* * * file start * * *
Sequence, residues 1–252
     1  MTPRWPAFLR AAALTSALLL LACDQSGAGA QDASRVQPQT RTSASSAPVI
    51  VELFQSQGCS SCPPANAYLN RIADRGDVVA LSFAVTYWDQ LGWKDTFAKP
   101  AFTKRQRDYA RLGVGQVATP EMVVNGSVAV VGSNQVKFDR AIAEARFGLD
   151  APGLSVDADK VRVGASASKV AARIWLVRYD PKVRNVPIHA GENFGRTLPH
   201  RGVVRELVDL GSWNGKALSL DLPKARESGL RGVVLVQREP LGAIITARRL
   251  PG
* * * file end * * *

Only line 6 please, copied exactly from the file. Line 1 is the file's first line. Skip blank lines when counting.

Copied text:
   201  RGVVRELVDL GSWNGKALSL DLPKARESGL RGVVLVQREP LGAIITARRL